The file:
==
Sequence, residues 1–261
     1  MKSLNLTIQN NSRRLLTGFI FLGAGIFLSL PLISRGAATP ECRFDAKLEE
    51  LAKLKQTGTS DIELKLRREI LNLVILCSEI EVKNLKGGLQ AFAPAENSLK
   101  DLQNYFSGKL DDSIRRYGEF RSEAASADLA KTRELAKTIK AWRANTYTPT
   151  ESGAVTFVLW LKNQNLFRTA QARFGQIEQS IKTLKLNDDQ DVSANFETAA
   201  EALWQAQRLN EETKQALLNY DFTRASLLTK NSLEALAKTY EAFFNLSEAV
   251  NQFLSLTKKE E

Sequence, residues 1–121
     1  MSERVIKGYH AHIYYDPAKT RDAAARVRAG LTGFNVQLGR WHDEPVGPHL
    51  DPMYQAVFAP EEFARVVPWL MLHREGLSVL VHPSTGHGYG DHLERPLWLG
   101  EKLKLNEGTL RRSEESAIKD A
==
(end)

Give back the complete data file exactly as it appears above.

Sequence, residues 1–261
     1  MKSLNLTIQN NSRRLLTGFI FLGAGIFLSL PLISRGAATP ECRFDAKLEE
    51  LAKLKQTGTS DIELKLRREI LNLVILCSEI EVKNLKGGLQ AFAPAENSLK
   101  DLQNYFSGKL DDSIRRYGEF RSEAASADLA KTRELAKTIK AWRANTYTPT
   151  ESGAVTFVLW LKNQNLFRTA QARFGQIEQS IKTLKLNDDQ DVSANFETAA
   201  EALWQAQRLN EETKQALLNY DFTRASLLTK NSLEALAKTY EAFFNLSEAV
   251  NQFLSLTKKE E

Sequence, residues 1–121
     1  MSERVIKGYH AHIYYDPAKT RDAAARVRAG LTGFNVQLGR WHDEPVGPHL
    51  DPMYQAVFAP EEFARVVPWL MLHREGLSVL VHPSTGHGYG DHLERPLWLG
   101  EKLKLNEGTL RRSEESAIKD A